LaRue said that serving gave him a level of discipline that many young people his age are lacking.

“Going out of high school, a lot of kids won’t have that structure,” LaRue said. “The military really drills that into your life.”

Richard Clark IV
Senior forward Zac Mindermann wins a face off against a Montana Tech player on Nov. 9. Mindermann has one goal and seven assists this year.

Coming back to school after being in the military has given Mindermann a unique perspective on his environment. He said that in the classroom setting, he prefers to listen to other classmate’s opinions.

“In class, I learned to kind of sit back and observe,” Mindermann said. “I take in everyone’s opinions and take it for what it’s worth. Having had a little bit more life experience doing other stuff outside of the civilian world, I do have different views from a lot of people […] military veterans have a different outlook on life. It’s not really something you can explain, but it’s nice to see support from people that haven’t [served].”

LaRue echoed Mindermann’s sentiments, saying that being in the military brings a level of understanding that those who haven’t served don’t necessarily possess.

“I think it matures you a little bit more,” LaRue said. “Obviously, you’re going to have those kids that come to college, they’re young, they want to get that college experience and figure out their self-worth and who they are. Those of us who were in the military, we’ve gotten that life experience and now we’re carrying it through to college.”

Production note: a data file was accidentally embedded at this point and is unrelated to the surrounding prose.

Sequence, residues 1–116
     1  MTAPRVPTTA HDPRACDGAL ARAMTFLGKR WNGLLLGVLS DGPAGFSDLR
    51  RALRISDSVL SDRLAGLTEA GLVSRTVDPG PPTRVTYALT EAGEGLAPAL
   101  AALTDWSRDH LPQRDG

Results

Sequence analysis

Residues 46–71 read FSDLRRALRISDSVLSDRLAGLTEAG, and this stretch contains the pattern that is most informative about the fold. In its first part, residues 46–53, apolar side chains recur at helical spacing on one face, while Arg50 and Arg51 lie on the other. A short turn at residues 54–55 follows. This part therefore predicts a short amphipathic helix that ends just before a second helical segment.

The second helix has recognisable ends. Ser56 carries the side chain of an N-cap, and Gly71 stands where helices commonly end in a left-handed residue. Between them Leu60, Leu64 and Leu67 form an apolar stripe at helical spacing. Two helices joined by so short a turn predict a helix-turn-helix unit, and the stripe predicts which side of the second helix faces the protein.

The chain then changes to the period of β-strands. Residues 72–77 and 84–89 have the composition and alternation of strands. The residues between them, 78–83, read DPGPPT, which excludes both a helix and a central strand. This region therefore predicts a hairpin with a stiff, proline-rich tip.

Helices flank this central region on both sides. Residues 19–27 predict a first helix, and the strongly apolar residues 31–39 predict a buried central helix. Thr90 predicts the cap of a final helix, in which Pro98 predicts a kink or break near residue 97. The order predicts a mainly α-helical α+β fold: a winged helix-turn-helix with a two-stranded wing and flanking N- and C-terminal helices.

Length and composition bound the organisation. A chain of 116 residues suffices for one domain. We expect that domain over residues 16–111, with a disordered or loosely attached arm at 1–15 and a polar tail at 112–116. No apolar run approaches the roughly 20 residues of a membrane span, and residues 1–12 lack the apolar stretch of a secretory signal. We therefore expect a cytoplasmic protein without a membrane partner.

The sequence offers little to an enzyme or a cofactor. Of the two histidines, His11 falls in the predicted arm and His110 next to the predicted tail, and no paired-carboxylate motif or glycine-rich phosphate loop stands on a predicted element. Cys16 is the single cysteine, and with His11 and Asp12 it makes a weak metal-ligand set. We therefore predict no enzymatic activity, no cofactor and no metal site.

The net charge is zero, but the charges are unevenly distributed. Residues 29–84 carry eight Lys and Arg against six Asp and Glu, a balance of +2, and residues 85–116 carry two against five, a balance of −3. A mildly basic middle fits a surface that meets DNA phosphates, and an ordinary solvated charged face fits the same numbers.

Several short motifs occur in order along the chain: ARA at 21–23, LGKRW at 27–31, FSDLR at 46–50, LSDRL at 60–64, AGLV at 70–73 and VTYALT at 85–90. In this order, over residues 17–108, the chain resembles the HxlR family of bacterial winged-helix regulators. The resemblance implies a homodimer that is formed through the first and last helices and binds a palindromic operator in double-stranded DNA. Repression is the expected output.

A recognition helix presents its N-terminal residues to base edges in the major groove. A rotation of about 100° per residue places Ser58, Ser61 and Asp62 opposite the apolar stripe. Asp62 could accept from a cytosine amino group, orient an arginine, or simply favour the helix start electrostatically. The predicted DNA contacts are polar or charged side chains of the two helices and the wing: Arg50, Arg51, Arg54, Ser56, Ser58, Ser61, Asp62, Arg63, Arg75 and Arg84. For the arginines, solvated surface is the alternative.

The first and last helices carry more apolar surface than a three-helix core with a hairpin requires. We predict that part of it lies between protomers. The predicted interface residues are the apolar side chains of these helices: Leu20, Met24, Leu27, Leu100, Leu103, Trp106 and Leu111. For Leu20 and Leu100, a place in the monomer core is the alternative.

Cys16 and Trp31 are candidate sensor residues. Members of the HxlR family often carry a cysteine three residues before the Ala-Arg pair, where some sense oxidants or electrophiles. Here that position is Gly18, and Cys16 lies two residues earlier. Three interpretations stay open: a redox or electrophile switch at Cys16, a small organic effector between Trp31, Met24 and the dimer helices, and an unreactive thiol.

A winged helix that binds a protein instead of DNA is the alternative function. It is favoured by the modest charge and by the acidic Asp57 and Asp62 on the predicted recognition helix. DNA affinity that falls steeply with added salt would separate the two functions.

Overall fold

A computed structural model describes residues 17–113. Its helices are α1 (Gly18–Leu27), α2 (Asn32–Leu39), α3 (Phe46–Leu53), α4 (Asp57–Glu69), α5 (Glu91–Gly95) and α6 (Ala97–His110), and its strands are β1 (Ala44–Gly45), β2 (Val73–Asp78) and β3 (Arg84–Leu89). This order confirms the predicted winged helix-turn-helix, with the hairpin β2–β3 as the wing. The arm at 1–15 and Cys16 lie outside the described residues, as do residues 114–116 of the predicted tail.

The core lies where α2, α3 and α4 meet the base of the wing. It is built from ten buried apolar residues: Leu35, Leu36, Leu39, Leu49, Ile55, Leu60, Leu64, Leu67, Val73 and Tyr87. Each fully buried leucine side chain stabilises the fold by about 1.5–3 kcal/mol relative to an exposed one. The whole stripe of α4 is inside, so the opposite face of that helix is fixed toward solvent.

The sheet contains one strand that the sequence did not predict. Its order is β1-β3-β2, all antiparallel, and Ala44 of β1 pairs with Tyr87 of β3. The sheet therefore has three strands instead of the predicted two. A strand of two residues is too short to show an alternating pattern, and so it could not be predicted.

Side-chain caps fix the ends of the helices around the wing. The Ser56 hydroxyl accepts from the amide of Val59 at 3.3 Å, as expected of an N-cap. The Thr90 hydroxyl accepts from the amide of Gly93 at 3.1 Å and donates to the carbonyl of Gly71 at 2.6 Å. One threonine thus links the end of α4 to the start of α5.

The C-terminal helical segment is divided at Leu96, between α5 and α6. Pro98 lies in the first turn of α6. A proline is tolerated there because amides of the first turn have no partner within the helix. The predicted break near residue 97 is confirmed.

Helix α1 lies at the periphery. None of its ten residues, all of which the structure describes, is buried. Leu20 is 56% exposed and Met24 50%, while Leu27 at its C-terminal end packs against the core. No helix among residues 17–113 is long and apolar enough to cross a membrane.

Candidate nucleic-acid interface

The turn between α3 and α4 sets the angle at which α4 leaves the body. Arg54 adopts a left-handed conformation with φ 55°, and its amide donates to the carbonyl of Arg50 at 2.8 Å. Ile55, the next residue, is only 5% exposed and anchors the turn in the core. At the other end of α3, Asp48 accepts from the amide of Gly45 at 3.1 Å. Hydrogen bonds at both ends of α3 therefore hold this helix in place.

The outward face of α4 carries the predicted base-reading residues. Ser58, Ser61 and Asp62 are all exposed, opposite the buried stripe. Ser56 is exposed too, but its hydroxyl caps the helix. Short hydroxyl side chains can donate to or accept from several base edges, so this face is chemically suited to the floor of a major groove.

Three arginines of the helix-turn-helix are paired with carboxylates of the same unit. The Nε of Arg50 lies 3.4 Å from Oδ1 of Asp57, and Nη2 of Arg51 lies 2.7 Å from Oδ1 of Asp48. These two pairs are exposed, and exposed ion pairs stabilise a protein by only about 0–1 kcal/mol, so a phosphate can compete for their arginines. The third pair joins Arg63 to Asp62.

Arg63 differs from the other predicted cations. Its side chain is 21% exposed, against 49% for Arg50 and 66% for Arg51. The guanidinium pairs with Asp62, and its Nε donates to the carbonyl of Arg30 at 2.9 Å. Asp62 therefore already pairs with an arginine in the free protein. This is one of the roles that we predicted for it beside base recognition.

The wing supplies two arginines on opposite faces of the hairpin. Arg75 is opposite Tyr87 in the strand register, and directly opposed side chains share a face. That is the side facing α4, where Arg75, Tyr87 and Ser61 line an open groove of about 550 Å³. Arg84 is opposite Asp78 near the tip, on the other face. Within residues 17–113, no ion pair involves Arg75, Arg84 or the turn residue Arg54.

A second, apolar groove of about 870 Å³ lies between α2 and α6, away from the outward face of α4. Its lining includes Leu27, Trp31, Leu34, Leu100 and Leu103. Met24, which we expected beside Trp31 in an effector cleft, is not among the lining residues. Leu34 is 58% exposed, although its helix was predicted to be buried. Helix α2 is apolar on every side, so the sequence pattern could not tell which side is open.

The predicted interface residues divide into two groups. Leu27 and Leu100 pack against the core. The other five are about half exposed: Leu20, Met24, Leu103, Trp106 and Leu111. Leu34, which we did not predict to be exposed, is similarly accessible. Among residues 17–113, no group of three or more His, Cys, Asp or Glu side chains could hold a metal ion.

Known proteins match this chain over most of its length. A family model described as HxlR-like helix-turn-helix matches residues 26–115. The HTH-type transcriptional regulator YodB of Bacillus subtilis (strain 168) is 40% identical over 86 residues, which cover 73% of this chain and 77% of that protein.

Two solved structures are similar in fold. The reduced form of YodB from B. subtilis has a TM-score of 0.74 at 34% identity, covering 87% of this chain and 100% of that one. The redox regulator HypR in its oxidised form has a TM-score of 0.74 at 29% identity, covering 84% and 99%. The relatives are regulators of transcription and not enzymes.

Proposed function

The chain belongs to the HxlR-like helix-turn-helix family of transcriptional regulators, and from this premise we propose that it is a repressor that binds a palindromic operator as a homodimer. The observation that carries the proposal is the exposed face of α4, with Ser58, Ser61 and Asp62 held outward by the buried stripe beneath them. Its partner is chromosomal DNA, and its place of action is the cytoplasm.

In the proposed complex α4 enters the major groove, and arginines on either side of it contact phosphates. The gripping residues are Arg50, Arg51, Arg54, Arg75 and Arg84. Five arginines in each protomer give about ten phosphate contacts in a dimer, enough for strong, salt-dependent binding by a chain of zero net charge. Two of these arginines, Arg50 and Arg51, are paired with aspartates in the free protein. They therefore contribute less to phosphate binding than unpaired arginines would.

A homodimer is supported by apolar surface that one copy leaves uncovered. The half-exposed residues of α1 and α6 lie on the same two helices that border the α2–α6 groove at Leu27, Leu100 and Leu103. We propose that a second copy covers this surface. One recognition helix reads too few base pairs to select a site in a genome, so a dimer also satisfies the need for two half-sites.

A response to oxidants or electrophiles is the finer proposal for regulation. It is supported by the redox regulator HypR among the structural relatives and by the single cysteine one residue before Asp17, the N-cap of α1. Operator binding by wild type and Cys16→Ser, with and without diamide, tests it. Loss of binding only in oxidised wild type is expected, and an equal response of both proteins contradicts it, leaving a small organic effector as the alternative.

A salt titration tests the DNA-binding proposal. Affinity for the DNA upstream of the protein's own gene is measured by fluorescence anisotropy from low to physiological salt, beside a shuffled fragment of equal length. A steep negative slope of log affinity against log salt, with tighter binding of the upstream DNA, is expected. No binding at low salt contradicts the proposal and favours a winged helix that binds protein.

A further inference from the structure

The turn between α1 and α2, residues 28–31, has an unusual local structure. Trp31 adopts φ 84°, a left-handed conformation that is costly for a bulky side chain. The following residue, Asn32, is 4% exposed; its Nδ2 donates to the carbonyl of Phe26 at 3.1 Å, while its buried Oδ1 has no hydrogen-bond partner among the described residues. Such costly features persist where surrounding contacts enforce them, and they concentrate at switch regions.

Both players say that being in the military is an act of service, and they don’t seek recognition for their efforts. Mindermann tends to not inform people he meets that he was in the Marines.

“I typically don’t broadcast it,” Mindermann said. “It’s a service, and something that I chose to do. I don’t expect people to treat me differently […] I don’t want the attention.”

LaRue also said that being in the military is an act of service, not a way to receive praise or attention.

“It’s an unwritten rule of being in the military,” LaRue said. “You don’t want to be the guy that projects being selfish.”

Both players are contributing to the EWU hockey team, which is 13-1 after winning three games in three days last weekend in Cheney. Head coach Pat Hanlon said both players keep their service quiet around the team, but use their experience to lead.

“That’s what’s cool about them, they’re very quiet leaders,” Hanlon said. “Zac is the captain of the team, but when he steps up and says something the guys respect him. Their maturity level is fantastic, their experience level is fantastic, and I think they’ve got a great sense of realism.”

Mindermann and LaRue were recognized at the EWU hockey team’s Military Appreciation Night on Nov. 9. Hanlon made them both starters, which is not always the case. In that game, LaRue helped the team to a 6-0 victory over Montana Tech by assisting on a Matt Lucero goal.